Several researchers have conducted experimental investigation on the diesel engine fueled with diesel blended fuels. Some of them are briefly highlighted in the following section [6] compared the shortterm performance of a direct injection diesel engine fuelled with different 1-butanol/diesel blends (from 10% to 30% of 1-butanol by volume) and 1-pentanol/diesel fuel blends (from 10% to 25% of 1-pentanol by volume), without any modifications of the engine. Experimental results showed a slight engine power loss and an increase in brake thermal efficiency when the engine was fuelled with higher alcohols blends instead of straight diesel fuel and a diesel engine, without any modifications, can run successfully on a blend up to 30% 1-butanol/70% diesel fuel or 25% 1-pentanol/75% diesel fuel. Butanol blends exhibit slightly better BSFC behavior than pentanol blends and neat diesel fuel. Octavio [7] showed that slight increase in NOx and THC emissions, while reduced CO emissions were found with these alcohol blended fuels. The lower values of smoke opacity and particle concentration with alcohol blends indicate that the presence of oxygen in the fuel is the main factor that led to the lower soot generation. Octavio [8] identified that alcohol blends tested at ‘cold’ start produced combustion instabilities with higher concentrations of NOx, THC and CO compared with diesel fuel used as reference. Under warm conditions, the effect of oxygen content of the alcohol blends tested was more important than the effect of the differences in cetane number and enthalpy of vaporization. Gaseous emissions from ethanol–diesel blends were slightly lower than those derived from butanol–diesel blends. Merola [3] carried out experimental investigation with neat diesel fuel and blends of 80% diesel-20% n-butanol by volume in compression ignition engines equipped with a common rail injection system. The test results indicate that BU20 reducing engine out emissions of NOx and smoke without significant penalties on engine performance. The neat diesel (BU00) gave the best smoke-NOx tradeoff result at injection pressures higher than 120 MPa. Rahman [9] studied the influence of injection timing on engine performance and exhaust emissions with diesel, biodiesel, alcohol and other alternative fuels. Results shown that incase of diesel fuel, advancement in injection timing results in lower carbon monoxide (CO) and hydrocarbon (HC) emission along with increased nitrogen oxides (NOx) emission. Advance injection timing increases brake thermal efficiency (BTE) and decreases brake specific fuel consumption (BSFC). Biodiesel–diesel blends produce more HC and CO emission, but reduce NOx emission when injection timing is retarded. Advancement in injection timing results in higher exhaust gas temperature with increase of biodiesel percentage in the blends. Wang [10] and Banapurmath [11] observed lower particulate matter (PM) emission with the increase of oxygenate content in the blends, and ethanol addition into diesel fuel increases HC, CO, NOx and NO emissions and decreases particle number concentration. Increased brake thermal efficiency has been reported with diesel/biodiesel-ethanol blends operation. Gnanamoorthi [12] showed that increased peak in-cylinder pressure and higher heat release occurs closer to TDC for ethanol blend and it increases with increase in ethanol in the blend. There was CO and HC emissions and found that which is closer than those with base fuel up to 30% ethanol, but much higher CO and HC emission with 40% and 50% ethanol and there is a slight decrease in NOx emission. Ahmet [13] reported high engine power for DE10 at an engine speed of 3000 rpm and 45oCA advanced injection angle. Further, the maximum engine torque has been reported for DE10 at 1400 rpm and injection advance of 25oCA. The minimum brake specific fuel consumption (BSFC) was obtained for DE20 blends in 1200 rpm and injection advance of 35oCA. Baskar [4] conducted experiments on diesel engine under different load conditions using various fuel combinations. They showed both Diphenyl ether and Diethylene glycol dimethyl ether blends substantially lowers the exhaust gas opacity. The maximum reduction 60% has been reported with Diphenyl ether 15 and Diethylene glycol dimethyl ether15 blends as compared to base reference diesel fuel. In addition, oxygenated diesel blends have shown significant reduction in CO and HC emissions with only a slight penalty of NOx emissions. Oxygen enrichment of the conventional fuel is not accompanied by a sharp increase of the in-cylinder NO concentration due to decrease of the local temperature as a result of the lower fuel heating value. Oxygenated diesel fuels produce a favorable shift in PM/NOx trade-off. Nurun [14] have reported that the combustion with oxygenated fuels were much faster than that of conventional diesel fuel. This was mainly due to the oxygen content in the fuel molecular structure and the low volatility of the oxygenated fuels. The lower volatile oxygenated fuel evaporated earlier and very good air-fuel mixing was achieved during combustion which eventually resulted in lower exhaust emissions. Miyamoto [15] investigated the combustion and emissions of diesel engine operated on different types of oxygenates in a single cylinder, four stroke cycle, DI diesel engine. They reported significant improvements in smoke, particulate matter, NOX, HC, engine noise and thermal efficiency with the oxygenated fuels. Gonzalez [16] focused study on selecting most promising oxygenate compounds as blending components in diesel fuel foe an advanced engine testing with an objective of reducing particulate emissions in the exhaust. The results have shown that PM emission reductions were proportional to the oxygen content of the fuel. Both Tripropylene Glycol Mono-Methyl Ether and Dibutyl Maleate oxygenated test fuels contained 7% wt. oxygen and their total PM emissions were found to be similar. David [17] evaluated the performance of reference base diesel and five blends containing oxygenates. The experimental results have shown that oxygenated fuels reduced PM and NOx under some operating conditions, but produced little effect on either HC or CO emissions. Aliphatic oxygenates at 6% wt. Oxygen in the reference fuel reduced PM emissions by 15-27%. Kannan [5] have shown that the combustion characteristics with ethanol addition improved in-cylinder peak pressure, cumulative heat release (CHR), rate of heat release (ROHR), and in-cylinder peak temperature and combustion duration. Regarding emission characteristics, the experimental results showed significant reduction in smoke, carbon monoxide (CO) and total hydrocarbon (THC) emissions with extended oxygen mass percentage in the fuel at higher engine loads. However, an increased oxide of nitrogen (NOx) emissions has been reported at high loads although the common tradeoff between smoke and NOx was found to be more prominent for the oxygenated fuels. Gvidonas [18] observed lower NOx levels with ethanol blended fuels and HC emissions for richer combustible mixtures, whereas the influence of a higher ethanol mass content on CO emissions and smoke opacity depends on the air–fuel ratio and engine speed. Dulari [19] carried out experimental investigations in a single cylinder, four stroke, air cooled direct injection (DI) diesel engine, fueled with bioethanol, adopting the fumigation technique. The results indicated that, the bioethanol fumigation showed an overall longer ignition delay of 2-3oCA for all the flow rates in comparison with diesel, at full load. The maximum brake specific nitric oxide (BSNO) and smoke emissions were found to be lower, by about 24.2% and 25% in the bioethanol fumigation compared to that of diesel operation at full load. Subramanian [20] carried out the experimental investigations to assess the effect of using diethyl ether to improve performance and reduce emissions of a DI diesel engine running on water- diesel emulsion. It was found that use of neat water diesel emulsion significantly lowered NOx and smoke levels as compared to neat diesel operation. It also increases the brake thermal efficiency at high outputs. However, there is a rise in HC, CO emissions and ignition delay. Nagdeote [21] carried out experimental investigation to evaluate the effects of using diethyl ether and ethanol as additives to biodiesel / diesel blends on the performance and emissions of a direct injection diesel engine. The test fuels were denoted as DI ( 100% diesel), BD (20% biodiesel and 80% diesel in vol.), BDET (15% biodiesel, 80% diesel, and 5% diethyl ether in vol.) and BDE (15% biodiesel, 80% diesel and 5% ethanol, in vol.) respectively. The result shows that, compared with BD, slightly lower brake specific fuel consumption (BSFC) for BDET was observed. Drastic reduction in smoke is observed with BDET and BDE at higher engine loads. BDET reflects better engine performance and combustion characteristics than BDE and BD. Sulakshana [22] carried out the experimentation to study the effects of blends DB10, DBE10, DBE20 i.e. diesel 90% -10 % biodiesel , diesel 80% -10 % biodiesel - 10% ethanol , diesel 70% - 10% biodiesel - 20% ethanol for same diesel engine. The results showed maximum BP for blended fuels of DB10, DBE10, DBE20 dropped by 3.65%, 6.17% and 7.58% respectively compared with neat diesel fuel. Maximum BSFC for blend DB10, DBE10, DBE20 increased by 7.69%, 7.82%, and 33.62% respectively compared with neat diesel fuel. Blend DBE10 has optimum viscosity and calorific value which gives slightly less brake torque and brake power. Diesel-ethanol-biodiesel blends showed reduced NOx, PM, Smoke with slight increment in HC emissions while keeping CO emissions at same level compared with diesel fuel. Finally by considering all parameters DBE10 was best alternative fuel. SayiLikhitha [23] investigated the effect of blending of Diethyl ether (DEE) with diesel at various proportions (5%, 7.5% and 10%) on the performance of diesel engine. The experimental results indicated that with the increase in the concentration of DEE to diesel increases the brake thermal efficiency, mechanical efficiency and decreases the specific fuel consumption.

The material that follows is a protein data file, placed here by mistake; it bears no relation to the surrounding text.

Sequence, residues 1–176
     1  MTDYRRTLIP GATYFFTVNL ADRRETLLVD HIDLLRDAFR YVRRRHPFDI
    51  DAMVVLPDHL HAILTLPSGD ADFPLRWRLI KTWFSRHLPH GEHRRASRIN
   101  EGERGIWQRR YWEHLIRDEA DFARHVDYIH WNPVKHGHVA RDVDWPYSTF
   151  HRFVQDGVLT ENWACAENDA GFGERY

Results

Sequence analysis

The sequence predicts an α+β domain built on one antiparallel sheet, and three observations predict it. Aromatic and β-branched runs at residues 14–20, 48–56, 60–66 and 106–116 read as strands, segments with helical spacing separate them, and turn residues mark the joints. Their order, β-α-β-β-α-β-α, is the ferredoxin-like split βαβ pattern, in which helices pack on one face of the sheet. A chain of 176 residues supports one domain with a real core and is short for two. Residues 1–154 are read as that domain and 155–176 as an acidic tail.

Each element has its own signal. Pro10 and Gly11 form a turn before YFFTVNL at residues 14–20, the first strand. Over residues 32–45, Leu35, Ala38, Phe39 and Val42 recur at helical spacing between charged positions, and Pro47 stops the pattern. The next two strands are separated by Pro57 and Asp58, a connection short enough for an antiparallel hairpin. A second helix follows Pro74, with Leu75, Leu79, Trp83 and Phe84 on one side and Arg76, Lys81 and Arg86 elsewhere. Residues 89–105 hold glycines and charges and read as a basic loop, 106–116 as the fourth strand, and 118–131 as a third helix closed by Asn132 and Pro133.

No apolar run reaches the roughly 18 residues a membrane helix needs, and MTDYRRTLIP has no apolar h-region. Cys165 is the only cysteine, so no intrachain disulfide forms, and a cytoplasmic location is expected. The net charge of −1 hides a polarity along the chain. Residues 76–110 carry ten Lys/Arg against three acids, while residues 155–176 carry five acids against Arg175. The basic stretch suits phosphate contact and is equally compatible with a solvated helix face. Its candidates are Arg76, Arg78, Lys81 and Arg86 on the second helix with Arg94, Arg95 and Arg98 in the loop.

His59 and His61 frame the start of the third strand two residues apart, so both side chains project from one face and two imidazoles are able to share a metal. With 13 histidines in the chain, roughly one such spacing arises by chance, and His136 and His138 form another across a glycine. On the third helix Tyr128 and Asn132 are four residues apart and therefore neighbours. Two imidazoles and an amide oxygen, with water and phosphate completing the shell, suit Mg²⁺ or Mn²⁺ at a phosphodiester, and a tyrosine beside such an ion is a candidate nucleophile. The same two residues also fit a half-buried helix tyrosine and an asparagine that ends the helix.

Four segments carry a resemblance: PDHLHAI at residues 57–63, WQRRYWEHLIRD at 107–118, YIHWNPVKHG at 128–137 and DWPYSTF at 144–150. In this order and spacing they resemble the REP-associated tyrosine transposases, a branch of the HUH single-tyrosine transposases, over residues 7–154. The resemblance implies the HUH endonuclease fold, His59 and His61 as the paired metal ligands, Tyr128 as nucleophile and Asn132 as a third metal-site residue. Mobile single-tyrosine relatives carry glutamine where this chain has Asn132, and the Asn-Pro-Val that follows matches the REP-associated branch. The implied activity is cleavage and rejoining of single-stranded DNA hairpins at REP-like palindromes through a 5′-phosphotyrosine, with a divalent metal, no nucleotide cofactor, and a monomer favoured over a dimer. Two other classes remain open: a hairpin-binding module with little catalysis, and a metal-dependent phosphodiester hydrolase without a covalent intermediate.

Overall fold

Experimental Setup